Portrait of Linda Perkins
  • Email
    linda.perkins@cgu.edu
  • Degrees
    PhD, University of Illinois at Urbana-Champagne
  • Research Interests
    Women and African-American higher education

Linda M. Perkins is Associate University Professor and director of Applied Women’s Studies at Claremont Graduate University. She holds an interdisciplinary university appointment in the departments of Applied Women’s Studies, Educational Studies, and History. Her primary areas of research are on the history of African-American women’s higher education, the education of African Americans in elite institutions, and the history of talent identification programs for African-American students.

With a PhD from the University of Illinois at Urbana-Champagne, Perkins has made her career as a historian of women’s and African-American higher education. She has served as vice president of Division F (History and Historiography) of the American Educational Research Association (AERA), and she has served as a member of the Executive Council of AERA.

Perkins was on the National Planning Committee for the 50th Anniversary Commemoration of the Brown v. Board of Education at New York University and taught a course on Brown in fall 2004. She hosted a national research conference in February 2008 on the impact of the Brown decision and the 1964 Civil Rights Act on black higher education.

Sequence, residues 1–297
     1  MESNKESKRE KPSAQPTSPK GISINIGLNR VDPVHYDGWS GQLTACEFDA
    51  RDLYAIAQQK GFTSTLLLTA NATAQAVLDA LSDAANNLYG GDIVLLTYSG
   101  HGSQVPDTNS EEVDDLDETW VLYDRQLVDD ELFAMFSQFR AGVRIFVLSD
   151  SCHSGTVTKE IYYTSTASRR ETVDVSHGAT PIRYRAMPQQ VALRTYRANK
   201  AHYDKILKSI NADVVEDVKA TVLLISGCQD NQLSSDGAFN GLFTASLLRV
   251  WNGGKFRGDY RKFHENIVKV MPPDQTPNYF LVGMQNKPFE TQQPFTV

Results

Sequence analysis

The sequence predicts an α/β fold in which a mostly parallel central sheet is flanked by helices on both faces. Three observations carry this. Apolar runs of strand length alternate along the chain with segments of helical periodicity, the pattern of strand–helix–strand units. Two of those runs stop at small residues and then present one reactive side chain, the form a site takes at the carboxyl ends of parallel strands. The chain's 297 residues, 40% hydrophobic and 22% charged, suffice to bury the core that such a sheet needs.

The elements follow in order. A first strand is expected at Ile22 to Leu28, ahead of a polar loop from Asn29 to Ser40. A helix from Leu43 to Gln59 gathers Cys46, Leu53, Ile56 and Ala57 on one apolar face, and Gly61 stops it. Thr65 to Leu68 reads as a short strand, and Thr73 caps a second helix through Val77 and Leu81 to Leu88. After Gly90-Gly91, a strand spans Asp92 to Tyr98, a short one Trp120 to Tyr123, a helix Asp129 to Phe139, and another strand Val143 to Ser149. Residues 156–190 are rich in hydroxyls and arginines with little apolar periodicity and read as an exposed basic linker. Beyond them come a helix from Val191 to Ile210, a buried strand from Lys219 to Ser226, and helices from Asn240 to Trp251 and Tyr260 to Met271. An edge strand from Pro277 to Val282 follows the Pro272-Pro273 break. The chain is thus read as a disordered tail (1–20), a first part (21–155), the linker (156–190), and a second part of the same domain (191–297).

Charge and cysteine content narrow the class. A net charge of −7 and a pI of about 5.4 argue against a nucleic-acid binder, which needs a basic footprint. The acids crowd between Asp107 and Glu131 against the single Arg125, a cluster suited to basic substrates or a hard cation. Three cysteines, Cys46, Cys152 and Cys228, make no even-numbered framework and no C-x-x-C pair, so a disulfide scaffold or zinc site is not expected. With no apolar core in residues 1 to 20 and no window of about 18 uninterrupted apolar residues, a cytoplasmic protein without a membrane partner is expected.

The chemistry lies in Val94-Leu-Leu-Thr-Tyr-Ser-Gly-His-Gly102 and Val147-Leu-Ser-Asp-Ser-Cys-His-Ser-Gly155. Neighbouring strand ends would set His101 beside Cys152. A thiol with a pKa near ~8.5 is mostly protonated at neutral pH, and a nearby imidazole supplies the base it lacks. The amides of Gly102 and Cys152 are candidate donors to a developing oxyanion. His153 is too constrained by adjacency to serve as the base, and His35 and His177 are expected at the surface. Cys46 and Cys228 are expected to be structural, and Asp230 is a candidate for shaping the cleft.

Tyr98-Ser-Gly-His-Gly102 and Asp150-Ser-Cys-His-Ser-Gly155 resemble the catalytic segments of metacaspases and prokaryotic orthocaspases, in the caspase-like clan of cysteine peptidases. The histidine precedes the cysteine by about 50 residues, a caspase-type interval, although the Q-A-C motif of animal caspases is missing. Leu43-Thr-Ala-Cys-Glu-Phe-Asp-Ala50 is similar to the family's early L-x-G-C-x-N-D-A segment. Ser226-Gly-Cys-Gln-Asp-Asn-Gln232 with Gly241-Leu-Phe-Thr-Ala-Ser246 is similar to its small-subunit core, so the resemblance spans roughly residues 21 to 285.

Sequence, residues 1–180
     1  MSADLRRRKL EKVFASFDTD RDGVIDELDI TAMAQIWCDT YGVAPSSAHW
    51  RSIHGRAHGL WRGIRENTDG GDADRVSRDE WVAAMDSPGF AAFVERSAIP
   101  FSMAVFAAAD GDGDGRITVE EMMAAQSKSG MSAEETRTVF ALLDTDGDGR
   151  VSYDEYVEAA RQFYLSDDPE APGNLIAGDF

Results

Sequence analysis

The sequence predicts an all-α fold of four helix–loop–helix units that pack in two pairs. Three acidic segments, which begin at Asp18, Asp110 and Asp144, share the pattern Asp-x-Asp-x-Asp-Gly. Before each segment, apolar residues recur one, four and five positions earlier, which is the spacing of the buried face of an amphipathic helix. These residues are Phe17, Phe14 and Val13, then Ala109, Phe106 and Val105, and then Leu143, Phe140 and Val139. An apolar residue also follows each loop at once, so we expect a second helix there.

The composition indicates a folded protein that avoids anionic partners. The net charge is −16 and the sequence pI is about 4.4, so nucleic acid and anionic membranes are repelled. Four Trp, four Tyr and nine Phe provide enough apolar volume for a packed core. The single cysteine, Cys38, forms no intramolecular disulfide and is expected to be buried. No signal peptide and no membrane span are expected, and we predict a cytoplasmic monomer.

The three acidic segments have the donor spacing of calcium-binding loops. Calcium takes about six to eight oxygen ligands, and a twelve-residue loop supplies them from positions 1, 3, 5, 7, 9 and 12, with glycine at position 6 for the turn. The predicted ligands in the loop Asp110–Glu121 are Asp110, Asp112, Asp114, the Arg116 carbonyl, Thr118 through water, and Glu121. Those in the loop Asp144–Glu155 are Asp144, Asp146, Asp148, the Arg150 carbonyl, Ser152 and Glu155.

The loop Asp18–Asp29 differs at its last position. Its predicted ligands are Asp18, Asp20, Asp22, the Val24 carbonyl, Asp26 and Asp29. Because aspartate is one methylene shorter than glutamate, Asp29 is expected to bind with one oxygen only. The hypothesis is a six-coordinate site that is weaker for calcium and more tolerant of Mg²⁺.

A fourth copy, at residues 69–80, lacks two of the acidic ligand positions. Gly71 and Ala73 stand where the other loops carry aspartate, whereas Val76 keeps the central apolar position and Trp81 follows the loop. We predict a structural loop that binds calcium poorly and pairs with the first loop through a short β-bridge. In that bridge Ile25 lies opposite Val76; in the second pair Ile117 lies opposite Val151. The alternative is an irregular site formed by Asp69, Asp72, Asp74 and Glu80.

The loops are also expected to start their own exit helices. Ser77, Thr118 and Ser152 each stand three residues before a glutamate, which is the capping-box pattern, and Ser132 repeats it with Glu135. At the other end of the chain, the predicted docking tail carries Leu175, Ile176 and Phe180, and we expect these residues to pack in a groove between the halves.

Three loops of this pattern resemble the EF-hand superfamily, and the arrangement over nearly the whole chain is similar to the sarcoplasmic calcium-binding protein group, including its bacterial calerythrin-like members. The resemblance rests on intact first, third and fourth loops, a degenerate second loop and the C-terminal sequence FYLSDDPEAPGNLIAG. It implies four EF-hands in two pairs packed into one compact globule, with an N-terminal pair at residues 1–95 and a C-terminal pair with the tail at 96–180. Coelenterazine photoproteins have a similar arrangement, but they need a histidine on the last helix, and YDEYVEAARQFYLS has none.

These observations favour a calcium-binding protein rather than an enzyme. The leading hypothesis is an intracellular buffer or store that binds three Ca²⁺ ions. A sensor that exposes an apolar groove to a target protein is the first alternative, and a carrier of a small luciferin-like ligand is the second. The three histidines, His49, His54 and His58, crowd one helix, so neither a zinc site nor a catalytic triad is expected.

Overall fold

She is on the editorial boards of History of Education Quarterly and Review of African American Education. Her publications include Fanny Jackson Coppin and the Institute for Colored Youth, 1865–1902 (Garland, 1987) and “The African American Female Elite: The Early History of African American Women in the Seven Sister Colleges, 1880–1960″ in the Harvard Educational Review (1997). Perkins has several forthcoming book chapters on the female African-American college experience.

“Black Undergraduate Women’s Experiences of Race, Gender, and Class at Fisk and Howard Universities and Tuskegee Institute Through World War II.” In Black Women in College, edited by Lori Patton. London: Routledge Press, Forthcoming.

“The Black Female Professoriate at Howard University, 1926–1977.” In Women’s Higher Education in the United States: New Historical Perspectives, edited by Margaret Nash. London: Palgrave Macmillan Press, Forthcoming.

“Bound to Them by a Common Sorrow”: African American Women, Higher Education, and Collective Advancement.” Journal of African American History: Special Issue: “African American Education, Civil Rights, and Black Power” 100, no. 4 (2015): 721–47.

“Is She a Feminist and Do I Like Her?: Dilemmas of a Feminist Biographer.” Vitae Scholasticae: The Journal of Educational Biography 31, no. 2 (2014): 64–77.

“Merze Tate and the Quest for Gender Equity at Howard University, 1942–1977.” History of Education Quarterly 54, no. 4 (2014): 516–51.

“The First Black Talent Identification Program: The National Scholarship and Service Fund for Negro Students, 1947–1968.” Perspectives on the History of Higher Education 29 (2012): 173–97.

Gender & Education
Historical & Philosophical Foundations of American Higher Education
Higher Education & Democracy